Just Like the Sky, Earnings Are Not Falling....
On the first day of trading in 2018, the NYSE Composite (broad market index) closed at 13,103. On Monday of this week - 21 months and 18 days later - it closed at 13,089.
The 2017 market year had ended on a high note. There was anticipation of rising earnings ahead and improving economics.
AT the time these expectations were driven mostly by the new tax bill.
Few imagined we would be sailing into a trade range with a huge wave of "problems" about to beset the horizon of thought for the crowd.
And when 2017 ended, the S&P earnings were $124.51.
Today, as we peer into the mist of 2020 and beyond, while saddled with this “terrible Trade War” with China, the number tilt toward $172-$177 for the S&P earnings next year.
Here’s the more detailed view of S&P 500 Earnings data (by the numbers - source: IBES by Refinitiv):
- Forward 4-quarter estimate: $174.75
- S&P earnings yield: 5.85% vs. last week's 5.90%
- TTM estimate: $162.65
- S&P 500 TTM earnings yield: 5.45% vs. 5.47%
- Year on year growth using TTM estimate: 7.44% vs. 7.71% last week
And, with a little scribbling on the back of a napkin, you’ll suddenly find that earnings are in fact not falling.
They’re actually rising, and at a pretty solid pace at that; especially when considering that we have a "Trade War" going on.
Now, keep in mind that the fat part of the earnings announcement bell curve will unfold in the next three weeks (or so) ahead.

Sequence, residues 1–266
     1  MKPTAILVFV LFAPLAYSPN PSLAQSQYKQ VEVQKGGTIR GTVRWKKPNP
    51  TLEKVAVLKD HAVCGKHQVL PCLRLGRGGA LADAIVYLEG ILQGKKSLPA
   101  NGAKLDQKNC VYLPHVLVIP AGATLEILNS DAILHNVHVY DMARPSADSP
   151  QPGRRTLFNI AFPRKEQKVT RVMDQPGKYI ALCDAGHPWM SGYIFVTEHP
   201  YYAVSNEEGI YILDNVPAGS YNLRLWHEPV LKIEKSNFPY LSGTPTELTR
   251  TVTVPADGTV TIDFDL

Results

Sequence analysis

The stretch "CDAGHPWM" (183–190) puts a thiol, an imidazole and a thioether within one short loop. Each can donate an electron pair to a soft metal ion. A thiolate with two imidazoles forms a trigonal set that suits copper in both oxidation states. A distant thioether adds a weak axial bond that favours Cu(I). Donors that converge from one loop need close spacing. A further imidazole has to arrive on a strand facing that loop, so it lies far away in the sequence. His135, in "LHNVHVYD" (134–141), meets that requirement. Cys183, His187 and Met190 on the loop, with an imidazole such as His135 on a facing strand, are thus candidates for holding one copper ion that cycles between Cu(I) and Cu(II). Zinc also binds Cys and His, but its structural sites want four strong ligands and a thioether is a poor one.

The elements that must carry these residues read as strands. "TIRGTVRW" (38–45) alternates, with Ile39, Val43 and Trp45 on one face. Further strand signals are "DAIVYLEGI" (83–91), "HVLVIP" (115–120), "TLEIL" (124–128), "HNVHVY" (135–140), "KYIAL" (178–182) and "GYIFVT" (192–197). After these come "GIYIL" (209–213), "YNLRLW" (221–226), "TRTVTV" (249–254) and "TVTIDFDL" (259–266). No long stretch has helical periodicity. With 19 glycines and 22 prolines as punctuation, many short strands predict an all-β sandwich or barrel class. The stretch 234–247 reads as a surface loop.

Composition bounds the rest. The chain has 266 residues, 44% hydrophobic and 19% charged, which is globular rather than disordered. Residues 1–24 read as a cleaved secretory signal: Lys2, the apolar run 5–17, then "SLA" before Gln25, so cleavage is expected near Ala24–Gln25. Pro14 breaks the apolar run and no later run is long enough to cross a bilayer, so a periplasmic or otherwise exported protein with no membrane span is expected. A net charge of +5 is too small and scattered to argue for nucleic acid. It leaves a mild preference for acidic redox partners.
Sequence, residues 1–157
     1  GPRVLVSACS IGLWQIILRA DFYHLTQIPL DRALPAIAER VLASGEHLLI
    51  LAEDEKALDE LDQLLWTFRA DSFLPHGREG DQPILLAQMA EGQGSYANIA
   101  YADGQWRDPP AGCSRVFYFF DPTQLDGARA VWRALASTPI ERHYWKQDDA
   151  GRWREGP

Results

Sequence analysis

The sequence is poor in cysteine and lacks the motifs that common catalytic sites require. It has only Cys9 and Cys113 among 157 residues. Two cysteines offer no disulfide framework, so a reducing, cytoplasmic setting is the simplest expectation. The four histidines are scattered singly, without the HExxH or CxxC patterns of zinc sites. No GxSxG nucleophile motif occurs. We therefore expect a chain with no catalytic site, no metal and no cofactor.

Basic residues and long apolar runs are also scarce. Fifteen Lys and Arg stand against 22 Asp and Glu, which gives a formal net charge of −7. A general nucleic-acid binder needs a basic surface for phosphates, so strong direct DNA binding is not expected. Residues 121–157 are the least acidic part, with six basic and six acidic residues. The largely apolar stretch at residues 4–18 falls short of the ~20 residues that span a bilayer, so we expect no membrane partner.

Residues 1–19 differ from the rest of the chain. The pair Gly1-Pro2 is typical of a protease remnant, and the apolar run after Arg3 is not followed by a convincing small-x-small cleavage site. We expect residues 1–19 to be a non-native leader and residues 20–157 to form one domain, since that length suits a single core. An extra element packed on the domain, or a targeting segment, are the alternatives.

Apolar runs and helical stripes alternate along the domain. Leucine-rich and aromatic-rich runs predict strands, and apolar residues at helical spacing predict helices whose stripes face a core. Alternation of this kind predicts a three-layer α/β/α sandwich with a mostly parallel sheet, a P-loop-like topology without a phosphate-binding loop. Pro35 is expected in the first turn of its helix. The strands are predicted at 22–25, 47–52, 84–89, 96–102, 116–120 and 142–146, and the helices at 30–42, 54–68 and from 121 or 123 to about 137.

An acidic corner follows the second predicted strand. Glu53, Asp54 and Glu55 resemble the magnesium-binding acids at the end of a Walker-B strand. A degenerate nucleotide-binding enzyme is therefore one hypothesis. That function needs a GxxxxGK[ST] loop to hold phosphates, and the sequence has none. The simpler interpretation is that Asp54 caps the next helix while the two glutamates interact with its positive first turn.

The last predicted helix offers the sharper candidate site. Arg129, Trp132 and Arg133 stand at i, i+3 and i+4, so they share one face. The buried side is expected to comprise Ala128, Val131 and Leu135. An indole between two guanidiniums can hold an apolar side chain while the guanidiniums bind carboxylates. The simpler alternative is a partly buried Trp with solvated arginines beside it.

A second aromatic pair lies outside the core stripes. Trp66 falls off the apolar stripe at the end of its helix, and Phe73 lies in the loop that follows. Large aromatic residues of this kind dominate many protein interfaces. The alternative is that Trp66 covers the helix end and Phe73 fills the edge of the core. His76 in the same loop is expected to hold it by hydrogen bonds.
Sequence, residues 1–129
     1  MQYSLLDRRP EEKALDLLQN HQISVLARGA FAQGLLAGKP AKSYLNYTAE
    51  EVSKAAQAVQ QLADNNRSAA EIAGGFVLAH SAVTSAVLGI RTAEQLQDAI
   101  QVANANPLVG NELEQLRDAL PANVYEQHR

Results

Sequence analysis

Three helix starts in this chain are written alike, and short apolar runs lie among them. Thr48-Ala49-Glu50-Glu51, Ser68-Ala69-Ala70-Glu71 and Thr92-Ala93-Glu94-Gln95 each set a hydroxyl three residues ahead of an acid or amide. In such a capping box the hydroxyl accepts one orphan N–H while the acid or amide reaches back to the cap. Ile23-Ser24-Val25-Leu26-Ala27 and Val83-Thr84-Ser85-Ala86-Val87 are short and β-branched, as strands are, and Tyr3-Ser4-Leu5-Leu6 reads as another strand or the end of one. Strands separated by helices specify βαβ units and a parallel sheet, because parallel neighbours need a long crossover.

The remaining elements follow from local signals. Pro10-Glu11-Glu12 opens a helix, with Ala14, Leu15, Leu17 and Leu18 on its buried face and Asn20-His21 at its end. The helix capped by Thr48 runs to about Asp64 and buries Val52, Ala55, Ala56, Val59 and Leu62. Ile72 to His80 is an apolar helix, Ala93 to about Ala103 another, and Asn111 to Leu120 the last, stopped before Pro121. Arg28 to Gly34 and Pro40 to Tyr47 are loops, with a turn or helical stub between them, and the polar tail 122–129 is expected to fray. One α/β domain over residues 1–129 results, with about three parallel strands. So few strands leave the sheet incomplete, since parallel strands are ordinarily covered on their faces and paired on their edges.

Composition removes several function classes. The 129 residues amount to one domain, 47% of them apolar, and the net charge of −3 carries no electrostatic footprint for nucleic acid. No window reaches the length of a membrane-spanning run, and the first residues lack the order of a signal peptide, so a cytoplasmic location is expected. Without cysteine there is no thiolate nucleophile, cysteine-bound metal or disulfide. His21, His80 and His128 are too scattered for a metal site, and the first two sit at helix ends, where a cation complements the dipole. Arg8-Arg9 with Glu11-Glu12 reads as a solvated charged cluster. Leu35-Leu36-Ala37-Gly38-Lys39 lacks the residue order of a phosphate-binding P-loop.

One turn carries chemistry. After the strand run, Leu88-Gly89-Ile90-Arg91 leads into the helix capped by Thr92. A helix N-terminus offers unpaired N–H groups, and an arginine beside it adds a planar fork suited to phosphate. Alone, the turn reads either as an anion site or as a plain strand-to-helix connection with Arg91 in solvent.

Lots of news will flood the media waves and all sorts of expertise will be poured into your brain - with a firehose.
The bigger picture is simply this: Things are rising, not falling, no matter how much the media monster and scare-mongering wants you to believe otherwise.
Meanwhile, back in the swamp...
The psychology of this market has certainly gone on tilt, losing site of the larger setting at hand.
You and I can count on one hand (with three fingers left over) the number of months which have seen higher closes in the overall markets than we did last month (the end of Q3 2019).
And yet - the investor audience has rarely had such low levels of confidence about the future.
Altitude sickness has struck again.
And by the way that’s all good news:
The above is a nice chart that helps to highlight this stunning reversal in weekly bars, covering all the way back to the peak before the 2008-2009 Great Recession.
Note the green band at the pre-2008 peak - and how high the AAII data in blue was.
Then note where we are today - and how incredibly low the AAII data has been.
Our 8-week moving average chart from just two weeks ago hit a multi-year low:
The purple star in this second image above is to mark the beginning of 2018.
The crowd felt pretty good then, just as markets were sent to enter no man's land for nearly 22 months (so far).
To top that off...
We all have never been this wealthy!
We should be insanely grateful about that.
And yet, we are terrified of what's next.